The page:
On a basic level, it's probably true that we all understand that getting a good night's sleep is important. None of us likes to constantly feel tired and irritable, and certainly none of us wants to perform at less than our level best. What we may not understand, however, is just how important sleep is to the work we perform, especially when that work happens to be operating a commercial motor vehicle.
According to the National Sleep Foundation, there are two factors that scientists and researchers are continuing to learn about in regards to the importance of sleep: basal sleep need, and sleep debt. So, as we try to understand the importance of sleep and how it relates to our aptitude to perform our duties to the best of our abilities, it's imperative to consider these two important variables.
Basal sleep need is the amount of sleep our bodies need on a regular basis for optimal performance.] It's the magic number, so to speak, that allows us to perform at our best and feel the most energetic. The number varies from person to person; however, two research studies suggest that it ranges from seven to eight hours of sleep per night for healthy adults.
On the other side of the scale is what's known as sleep debt-the accumulated sleep that is lost to poor sleep habits, sickness, and awakenings due to environmental factors or other causes. And like most other types of debt, it's not good to accumulate too much. Furthermore, it has a specific interaction with basal sleep need whereby a person can meet their basal sleep need for the night, but still feel tired because of unresolved sleep debt. Connecting this to commercial motor vehicle drivers, we begin to see just how important getting the right amount of sleep is, and, additionally, just how vital it is to identify any conditions that might be hindering our ability to get the desired amount of sleep.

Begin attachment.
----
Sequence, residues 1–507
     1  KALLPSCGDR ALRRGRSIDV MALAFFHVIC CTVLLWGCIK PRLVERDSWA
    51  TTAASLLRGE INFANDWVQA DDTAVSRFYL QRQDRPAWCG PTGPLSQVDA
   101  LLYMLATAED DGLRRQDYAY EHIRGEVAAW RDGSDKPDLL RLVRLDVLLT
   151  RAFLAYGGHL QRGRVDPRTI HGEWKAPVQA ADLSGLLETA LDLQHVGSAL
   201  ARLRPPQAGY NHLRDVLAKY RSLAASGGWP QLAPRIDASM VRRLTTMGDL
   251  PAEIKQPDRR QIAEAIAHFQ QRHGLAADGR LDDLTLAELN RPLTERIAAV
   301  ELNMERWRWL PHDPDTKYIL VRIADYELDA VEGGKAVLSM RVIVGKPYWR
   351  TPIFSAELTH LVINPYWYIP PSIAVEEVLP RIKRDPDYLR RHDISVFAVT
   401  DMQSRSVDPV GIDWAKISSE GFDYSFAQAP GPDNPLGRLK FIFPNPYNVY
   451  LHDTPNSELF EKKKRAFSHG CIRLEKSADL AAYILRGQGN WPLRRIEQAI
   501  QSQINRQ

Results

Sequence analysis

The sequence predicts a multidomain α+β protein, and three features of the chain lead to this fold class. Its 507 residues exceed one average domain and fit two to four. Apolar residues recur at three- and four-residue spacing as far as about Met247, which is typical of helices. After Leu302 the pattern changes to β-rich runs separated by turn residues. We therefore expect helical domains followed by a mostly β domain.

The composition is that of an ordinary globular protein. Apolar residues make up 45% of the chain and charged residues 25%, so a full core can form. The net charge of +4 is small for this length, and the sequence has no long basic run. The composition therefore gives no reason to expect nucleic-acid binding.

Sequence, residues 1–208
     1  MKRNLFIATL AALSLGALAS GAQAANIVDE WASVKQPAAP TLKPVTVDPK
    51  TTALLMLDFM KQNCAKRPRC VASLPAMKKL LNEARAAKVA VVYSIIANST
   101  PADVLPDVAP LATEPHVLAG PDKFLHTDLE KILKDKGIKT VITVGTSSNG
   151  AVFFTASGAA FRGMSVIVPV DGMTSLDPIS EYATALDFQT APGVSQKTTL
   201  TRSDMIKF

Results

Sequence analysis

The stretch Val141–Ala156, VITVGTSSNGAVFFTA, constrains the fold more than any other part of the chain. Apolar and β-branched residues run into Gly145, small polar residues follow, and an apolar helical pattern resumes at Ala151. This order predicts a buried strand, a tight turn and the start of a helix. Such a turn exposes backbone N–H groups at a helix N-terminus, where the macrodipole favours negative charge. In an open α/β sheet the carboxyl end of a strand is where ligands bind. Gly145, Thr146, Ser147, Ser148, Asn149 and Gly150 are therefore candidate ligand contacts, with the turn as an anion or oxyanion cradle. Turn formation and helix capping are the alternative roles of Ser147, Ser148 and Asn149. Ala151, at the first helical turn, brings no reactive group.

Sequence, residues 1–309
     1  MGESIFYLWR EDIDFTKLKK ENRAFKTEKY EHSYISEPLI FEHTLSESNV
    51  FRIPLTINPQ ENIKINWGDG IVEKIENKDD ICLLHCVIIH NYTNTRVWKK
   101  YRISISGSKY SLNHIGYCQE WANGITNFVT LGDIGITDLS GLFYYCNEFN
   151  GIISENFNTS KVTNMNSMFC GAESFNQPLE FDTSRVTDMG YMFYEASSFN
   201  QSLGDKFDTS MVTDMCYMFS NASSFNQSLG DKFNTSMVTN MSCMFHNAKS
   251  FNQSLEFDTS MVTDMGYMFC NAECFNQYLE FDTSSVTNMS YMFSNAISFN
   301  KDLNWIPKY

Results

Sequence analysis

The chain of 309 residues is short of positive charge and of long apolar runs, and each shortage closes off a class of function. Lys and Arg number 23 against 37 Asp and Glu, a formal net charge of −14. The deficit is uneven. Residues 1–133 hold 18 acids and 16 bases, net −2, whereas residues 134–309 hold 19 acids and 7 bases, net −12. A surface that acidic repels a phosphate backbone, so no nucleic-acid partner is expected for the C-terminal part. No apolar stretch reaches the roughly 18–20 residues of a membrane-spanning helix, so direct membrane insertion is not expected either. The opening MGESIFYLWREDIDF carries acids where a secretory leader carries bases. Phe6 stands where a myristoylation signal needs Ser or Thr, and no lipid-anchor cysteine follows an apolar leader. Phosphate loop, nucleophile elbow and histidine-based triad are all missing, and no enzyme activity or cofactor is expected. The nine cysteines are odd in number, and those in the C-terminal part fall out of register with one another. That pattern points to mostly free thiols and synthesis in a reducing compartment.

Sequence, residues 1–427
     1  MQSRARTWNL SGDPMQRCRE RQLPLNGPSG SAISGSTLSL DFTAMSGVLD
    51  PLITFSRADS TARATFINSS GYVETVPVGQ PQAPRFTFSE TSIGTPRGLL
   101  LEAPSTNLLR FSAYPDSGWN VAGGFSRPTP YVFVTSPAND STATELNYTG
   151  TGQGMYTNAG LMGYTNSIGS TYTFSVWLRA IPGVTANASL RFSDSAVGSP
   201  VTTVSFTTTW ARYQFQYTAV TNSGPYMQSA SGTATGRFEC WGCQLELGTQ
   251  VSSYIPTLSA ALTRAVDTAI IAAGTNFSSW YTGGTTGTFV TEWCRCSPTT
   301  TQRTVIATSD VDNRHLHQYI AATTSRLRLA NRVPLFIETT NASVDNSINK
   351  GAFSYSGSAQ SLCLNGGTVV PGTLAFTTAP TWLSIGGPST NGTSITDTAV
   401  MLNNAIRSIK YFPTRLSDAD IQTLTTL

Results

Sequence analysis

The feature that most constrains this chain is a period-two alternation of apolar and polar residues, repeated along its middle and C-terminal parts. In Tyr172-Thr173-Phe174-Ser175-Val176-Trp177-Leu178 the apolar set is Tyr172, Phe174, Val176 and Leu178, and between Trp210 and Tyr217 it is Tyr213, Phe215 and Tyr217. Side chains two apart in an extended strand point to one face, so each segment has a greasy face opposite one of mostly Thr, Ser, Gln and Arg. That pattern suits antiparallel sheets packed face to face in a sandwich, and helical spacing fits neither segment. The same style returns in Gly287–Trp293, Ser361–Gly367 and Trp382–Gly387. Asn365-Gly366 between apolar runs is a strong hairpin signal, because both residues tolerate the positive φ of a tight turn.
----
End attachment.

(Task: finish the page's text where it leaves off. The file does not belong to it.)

The National Sleep Foundation defines obstructive sleep apnea (OSA) as "a disorder in which breathing is briefly and repeatedly interrupted during sleep." There is a breathing pause that lasts at least 10 seconds and occurs when the muscles in the back of the throat fail to keep the airway open, despite efforts to breathe. Sleep apnea is considered a serious and potentially life-threatening disease that is often unrecognized and undiagnosed. It's also quite expensive. According to a research study titled "The Medical Cost of Undiagnosed Sleep Apnea," untreated sleep apnea is estimated to cost $3.4 billion in additional medical costs in the U.S.
Because of its broad prevalence, potentially deadly consequences, and enormous cost, the Federal Motor Carrier Safety Administration (FMSCA) has engaged in efforts to increase driver and industry awareness, as well as study the condition's causes and treatments. A well-documented study sponsored by the FMCSA and the American Transportation Research Institute of the American Trucking Association (ATA) titled, "A Study for the Prevalence of Sleep Apnea Among Commercial Truck Drivers," was performed to address the prevalence of sleep apnea among commercial truck drivers, potential risk factors, and its impact on driving performance. The study found that 17.6 percent of CDL holders in the population used in the study had mild sleep apnea, 5.8 percent had moderate sleep apnea, and 4.7 percent had severe sleep apnea.